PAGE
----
Moving from transactional to meaningful learning
The global pandemic has disrupted some of our well-established approaches to learning. How can you take this opportunity to change how people think about L&D? Hear how Travis Thompson, Learning and Development Operations Leader at Wells Fargo, has moved from transactional to meaningful learning. Find out why an agile approach to deployment and measurement maximizes your impact. Explore how being people-centered helps you build emotional intelligence across your organization.
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Top tips for moving from transactional to meaningful learning
Don’t have time to listen now? Here are some top tips from Travis:
- Move from transactional to meaningful learning: Align your learning to meaningful goals. Create journeys that bridge your people’s skill gaps. Change how they think about L&D.
- Iterate your learning journey: Don’t spend months building a huge program. Prioritize what’s most important to your people. Start with the core skills and build from there.
- Measure at milestones so you can pivot: Break the learning journey into phases. Assess success at key milestones. If it’s not working for your people, pivot.
- Get people-centered to build emotional intelligence: Drive change by better understanding people’s differences. Adapt to help them build emotional intelligence.
1. Move from transactional to meaningful learning
Many organizations have well-established tools and methodologies for learning. They get the job done. People are doing okay. But is there an opportunity to perform better?
For Travis, the only way to maximize business impact is to change how you think about learning. Move from a purely transactional approach to one that’s aligned to meaningful goals. Start with the outcomes the business wants to achieve. Identify the key actions that will enable these outcomes. Recognize the knowledge, skills and behaviors people need to complete these actions. Then bring this together in a learning journey that works for your people and business.
2. Iterate your learning journey
Taking a new approach involves more than just thinking differently. From the initial needs analysis to deployment, you need to embrace new ways of working.
Demand for learning that bridges your organization’s skill gaps is only increasing. To meet this demand, you need to be agile. There’s no point spending months developing your program only to find the world’s changed. Instead, iterate. Work out what’s most important to your people and business. Start with these skills and build from there.
3. Measure at milestones so you can pivot
The starting point of your learning initiative is your business outcomes. But your people’s learning isn’t the only thing that will drive your business performance. So how can you measure your success in a meaningful way?
It may be months before you start to see the business outcomes. Rather than waiting until the learning journey is complete, Travis measures success incrementally. Breaking up the learning journey into phases. Assessing success at key milestones. If people aren’t able to demonstrate the skills and behaviors he was expecting, he can pivot.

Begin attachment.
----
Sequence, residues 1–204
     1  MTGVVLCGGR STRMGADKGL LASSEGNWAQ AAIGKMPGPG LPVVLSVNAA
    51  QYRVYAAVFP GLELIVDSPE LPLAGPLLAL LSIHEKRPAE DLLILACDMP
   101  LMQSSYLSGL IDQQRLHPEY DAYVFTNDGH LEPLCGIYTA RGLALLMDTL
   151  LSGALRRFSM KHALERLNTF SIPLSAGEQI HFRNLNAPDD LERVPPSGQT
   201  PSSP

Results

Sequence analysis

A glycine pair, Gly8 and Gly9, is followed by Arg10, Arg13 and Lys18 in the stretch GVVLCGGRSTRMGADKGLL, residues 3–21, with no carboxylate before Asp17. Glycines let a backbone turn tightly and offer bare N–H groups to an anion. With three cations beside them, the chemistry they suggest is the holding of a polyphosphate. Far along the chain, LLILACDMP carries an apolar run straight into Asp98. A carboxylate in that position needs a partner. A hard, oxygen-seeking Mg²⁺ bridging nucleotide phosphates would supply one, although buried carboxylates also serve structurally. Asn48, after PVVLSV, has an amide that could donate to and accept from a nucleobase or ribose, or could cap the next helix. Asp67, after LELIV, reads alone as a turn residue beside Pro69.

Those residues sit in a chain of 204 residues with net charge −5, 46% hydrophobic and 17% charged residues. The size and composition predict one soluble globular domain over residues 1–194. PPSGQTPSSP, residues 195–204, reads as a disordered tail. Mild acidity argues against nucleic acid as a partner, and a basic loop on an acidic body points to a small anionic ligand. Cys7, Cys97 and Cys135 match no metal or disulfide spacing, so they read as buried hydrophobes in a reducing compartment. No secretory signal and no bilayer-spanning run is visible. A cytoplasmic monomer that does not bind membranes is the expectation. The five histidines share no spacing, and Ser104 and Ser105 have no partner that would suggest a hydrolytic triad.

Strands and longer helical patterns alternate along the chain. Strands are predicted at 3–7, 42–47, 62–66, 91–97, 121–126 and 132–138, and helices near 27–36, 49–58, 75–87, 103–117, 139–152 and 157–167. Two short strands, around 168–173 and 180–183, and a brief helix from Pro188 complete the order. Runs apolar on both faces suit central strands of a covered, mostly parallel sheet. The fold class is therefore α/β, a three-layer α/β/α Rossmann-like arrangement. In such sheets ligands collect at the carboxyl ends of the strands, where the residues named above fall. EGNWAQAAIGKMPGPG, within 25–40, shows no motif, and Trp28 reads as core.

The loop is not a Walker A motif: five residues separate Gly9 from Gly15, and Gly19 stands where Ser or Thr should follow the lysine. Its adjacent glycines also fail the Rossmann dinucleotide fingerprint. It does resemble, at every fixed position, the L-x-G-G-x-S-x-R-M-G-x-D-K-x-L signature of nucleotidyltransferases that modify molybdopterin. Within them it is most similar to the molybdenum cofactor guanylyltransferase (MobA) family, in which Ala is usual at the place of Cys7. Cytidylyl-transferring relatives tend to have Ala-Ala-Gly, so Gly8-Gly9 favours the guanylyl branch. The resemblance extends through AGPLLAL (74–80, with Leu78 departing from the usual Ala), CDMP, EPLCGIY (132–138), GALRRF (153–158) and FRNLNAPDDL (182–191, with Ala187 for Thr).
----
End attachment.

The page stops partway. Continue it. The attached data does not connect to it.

4. Get people-centered to build emotional intelligence
The global pandemic has seen organizations adopting new technologies to keep people learning. Although the tech’s important, it isn’t what makes or breaks a training experience. Your approach needs to be people-centered.
Travis started in software development before pivoting his career. Recognizing that his role involved people processing systems, he started a psychology Ph.D. By better understanding people, he can drive change in his organization. Whether it’s culture or experience, we’re all different. Understanding how these differences impact emotional intelligence is key to successful L&D.
A quick recap
From software to psychology, Travis has embraced a people-centered approach. He has four strategies for maximizing the impact of learning. Move from transactional to meaningful learning that aligns with what people need. Iterate your learning journey, starting with the core skills. Measure your success at milestones so you can pivot if it’s not working. Drive change by better understanding people and how they can build emotional intelligence.
Want to find out more? Check out the full podcast.
After over 10 years’ experience in technology, Travis moved into L&D. His latest role is Learning and Development Operations Leader at Wells Fargo. He supports the deployment of a variety of programs across the organization.
You can find out more and get connected with Travis on LinkedIn.
On Travis’ reading list
Find out which book has inspired Travis’ approach to his development.
Improving Performance Through Learning: A Practical Guide for Designing High Performance Learning Journeys, Steven Robert O. Brinkerhoff, Anne M. Apking, Edward W. Boon
Whether it’s business or personal, learning is a necessity. This book has been life changing for Travis. It’s provided insight into his career and academic journey, as well as his approach to parenting.
Looking for more reading tips? Check out our top book suggestions blog.
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We’d love to hear your thoughts on our podcast, so feel free to get in touch on Twitter @Elucidat with any questions or queries. You can also email Simon, our podcast host, at firstname.lastname@example.org. As always, don’t forget to subscribe to Learning at Large in your favorite podcast app and leave us a 5-star rating if you enjoyed it. Thank you for joining us, and see you next time.